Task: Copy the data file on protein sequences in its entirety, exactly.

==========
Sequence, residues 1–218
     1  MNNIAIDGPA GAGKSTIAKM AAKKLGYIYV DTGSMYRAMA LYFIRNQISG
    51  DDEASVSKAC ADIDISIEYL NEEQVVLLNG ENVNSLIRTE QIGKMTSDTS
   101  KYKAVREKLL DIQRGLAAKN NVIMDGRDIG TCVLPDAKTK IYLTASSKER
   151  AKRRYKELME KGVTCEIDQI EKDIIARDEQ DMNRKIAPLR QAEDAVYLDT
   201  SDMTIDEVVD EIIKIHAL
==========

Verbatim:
Sequence, residues 1–218
     1  MNNIAIDGPA GAGKSTIAKM AAKKLGYIYV DTGSMYRAMA LYFIRNQISG
    51  DDEASVSKAC ADIDISIEYL NEEQVVLLNG ENVNSLIRTE QIGKMTSDTS
   101  KYKAVREKLL DIQRGLAAKN NVIMDGRDIG TCVLPDAKTK IYLTASSKER
   151  AKRRYKELME KGVTCEIDQI EKDIIARDEQ DMNRKIAPLR QAEDAVYLDT
   201  SDMTIDEVVD EIIKIHAL